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How to Identify Nonargumentative Uses of Language

Instructor: Lauren Posey

Lauren has taught intermediate reading in an English Language Institute, and she has her Master's degree in Linguistics.

Argumentative texts are extremely common, but not all texts are making an argument. In this lesson, you'll learn how to distinguish some types of non-argumentative texts.

Non-Argumentative Text

In everyday life, both reading and speaking, you encounter arguments. Sometimes it seems like everything is an argument! However, there are some texts and types of language that are not actually argumentative. That is, they aren't making a case and then defending it. Instead, they might simply be informational. They might also be conditional statements, which in many cases can sound a lot like an argument. They might even be explanations. One of the best ways to tell if a text is argumentative is to look at the thesis statement. That one small section can tell you whether it is an argumentative text or not.

Informational Texts

One type of non-argumentative text is informational text, where the purpose is to convey information rather than state and defend a claim. One way to check if a text is informational is the thesis statement. It (and the rest of the text) should be made up of provable and easily verifiable facts, not opinions. If the thesis states an opinion, then it is an argumentative text and not an informational one. Take the following example thesis statement:

'The benefits of reintroducing wolves into Yellowstone outweigh any negatives.'

This is an argumentative thesis statement. You can tell because it claims that one aspect of something outweighs or is better than another, which can be argued against. It might be supported by facts, but the claim is an opinion. An informational text about the same topic would have a thesis statement similar to this one:

'The reintroduction of wolves into Yellowstone was a controversial decision.'

This is a fact. The decision was argued against on many fronts, and the fact that it was controversial is easily provable. There is documented, factual evidence to uphold every part of this thesis statement. This shows that it is informational, rather than argumentative.

Reporting an Argument

The informational thesis statement above is reporting an argument. This is a subset of informational text that can be difficult to distinguish from argumentative text, since an argument is the main focus. One thing to look for in cases like this is that both or all sides of the argument are presented equally, with no preference given to either side.

Informational texts might also be illustrating or providing examples of an argument without actually supporting it. In this case, you can find clues in the language used. Informational texts will use distancing language that separates the author from the argument. For example, it might say:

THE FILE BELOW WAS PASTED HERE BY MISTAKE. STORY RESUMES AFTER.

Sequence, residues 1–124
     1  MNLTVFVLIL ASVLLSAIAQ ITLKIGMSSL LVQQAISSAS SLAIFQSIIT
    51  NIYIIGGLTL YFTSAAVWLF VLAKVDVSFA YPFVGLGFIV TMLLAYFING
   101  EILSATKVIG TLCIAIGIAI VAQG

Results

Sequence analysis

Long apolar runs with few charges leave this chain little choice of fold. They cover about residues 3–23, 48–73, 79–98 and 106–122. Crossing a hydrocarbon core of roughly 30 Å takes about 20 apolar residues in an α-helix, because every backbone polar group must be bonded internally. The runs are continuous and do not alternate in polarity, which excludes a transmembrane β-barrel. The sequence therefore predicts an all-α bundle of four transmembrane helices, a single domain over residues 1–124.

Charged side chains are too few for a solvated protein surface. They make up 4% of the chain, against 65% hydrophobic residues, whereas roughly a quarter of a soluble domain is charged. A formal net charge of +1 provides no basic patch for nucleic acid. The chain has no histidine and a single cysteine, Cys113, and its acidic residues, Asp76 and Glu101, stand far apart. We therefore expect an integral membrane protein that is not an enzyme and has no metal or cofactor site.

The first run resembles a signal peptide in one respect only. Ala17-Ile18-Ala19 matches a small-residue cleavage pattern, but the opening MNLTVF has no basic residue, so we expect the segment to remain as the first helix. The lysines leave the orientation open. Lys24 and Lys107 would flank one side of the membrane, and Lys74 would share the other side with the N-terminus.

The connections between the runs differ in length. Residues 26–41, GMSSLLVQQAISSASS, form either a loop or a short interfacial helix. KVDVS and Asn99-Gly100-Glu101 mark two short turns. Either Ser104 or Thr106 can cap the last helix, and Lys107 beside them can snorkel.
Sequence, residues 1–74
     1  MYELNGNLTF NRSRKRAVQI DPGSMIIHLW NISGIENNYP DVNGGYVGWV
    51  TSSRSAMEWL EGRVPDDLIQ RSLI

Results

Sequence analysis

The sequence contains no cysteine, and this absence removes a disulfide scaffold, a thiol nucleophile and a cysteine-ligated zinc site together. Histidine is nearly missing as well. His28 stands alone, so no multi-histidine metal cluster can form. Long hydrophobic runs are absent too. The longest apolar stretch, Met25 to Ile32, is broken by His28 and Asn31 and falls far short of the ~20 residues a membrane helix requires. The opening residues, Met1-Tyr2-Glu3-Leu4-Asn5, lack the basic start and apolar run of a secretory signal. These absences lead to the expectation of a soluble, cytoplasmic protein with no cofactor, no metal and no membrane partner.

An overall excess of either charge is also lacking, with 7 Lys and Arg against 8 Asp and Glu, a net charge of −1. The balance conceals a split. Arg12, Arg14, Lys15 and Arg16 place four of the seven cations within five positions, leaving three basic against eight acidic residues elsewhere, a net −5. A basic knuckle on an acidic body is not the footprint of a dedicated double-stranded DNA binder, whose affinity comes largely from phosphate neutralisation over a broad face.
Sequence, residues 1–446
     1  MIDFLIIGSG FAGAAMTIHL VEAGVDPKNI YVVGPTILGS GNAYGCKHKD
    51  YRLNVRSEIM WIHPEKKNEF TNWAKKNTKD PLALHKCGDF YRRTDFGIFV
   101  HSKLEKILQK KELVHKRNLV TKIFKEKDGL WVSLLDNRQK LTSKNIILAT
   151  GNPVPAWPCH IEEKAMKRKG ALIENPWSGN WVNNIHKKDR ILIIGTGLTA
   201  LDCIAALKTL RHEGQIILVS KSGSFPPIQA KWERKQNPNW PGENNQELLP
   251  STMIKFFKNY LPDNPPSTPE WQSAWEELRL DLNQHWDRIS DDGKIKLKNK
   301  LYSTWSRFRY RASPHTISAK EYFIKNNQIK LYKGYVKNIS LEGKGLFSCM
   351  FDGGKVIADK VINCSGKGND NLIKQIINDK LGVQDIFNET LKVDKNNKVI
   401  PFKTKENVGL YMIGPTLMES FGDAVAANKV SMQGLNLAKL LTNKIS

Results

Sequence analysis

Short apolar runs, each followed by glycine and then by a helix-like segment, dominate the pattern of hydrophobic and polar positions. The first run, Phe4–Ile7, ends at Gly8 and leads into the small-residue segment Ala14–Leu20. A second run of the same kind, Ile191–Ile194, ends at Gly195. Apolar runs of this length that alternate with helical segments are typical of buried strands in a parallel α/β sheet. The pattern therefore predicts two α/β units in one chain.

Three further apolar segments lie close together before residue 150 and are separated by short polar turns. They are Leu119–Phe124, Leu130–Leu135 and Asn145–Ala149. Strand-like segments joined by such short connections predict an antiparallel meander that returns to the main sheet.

'Scientists studying Yellowstone argue that wolf reintroduction is increasing biodiversity and improving the ecosystem as a whole.'

This statement reports an argument without supporting it. That the scientists make this argument is a provable fact, and the author makes no effort to say whether they are right or wrong. This is characteristic of informational texts reporting arguments.

Conditional Statements

Another non-argumentative form you might encounter is a conditional statement, sometimes called an 'if-then' statement. These can be difficult to distinguish from arguments, but they are different. In a conditional statement, you will have both an antecedent (the 'if' part) and a consequent (the 'then' part). If both of these are present, then it is a conditional statement and not an argument. In fact, that sentence was a conditional statement!

The difference between arguments and conditional statements is mainly the presence of the antecedent. Arguments will not present an 'if' factor, and will state the consequent or claim as fact. For example, a conditional statement about the wolves in Yellowstone might look something like this:

'If biodiversity continues to increase as predicted, then it will prove that introducing wolves was a beneficial decision for Yellowstone.'

Here, the antecedent is 'If biodiversity increases', and the consequent is 'then it will prove introducing wolves was a beneficial decision.' An argument would simply have stated that the reintroduction was beneficial, and used the potential biodiversity increase as supporting evidence. This is another example of how looking at the thesis statement can help you determine a non-argumentative text from an argumentative one.

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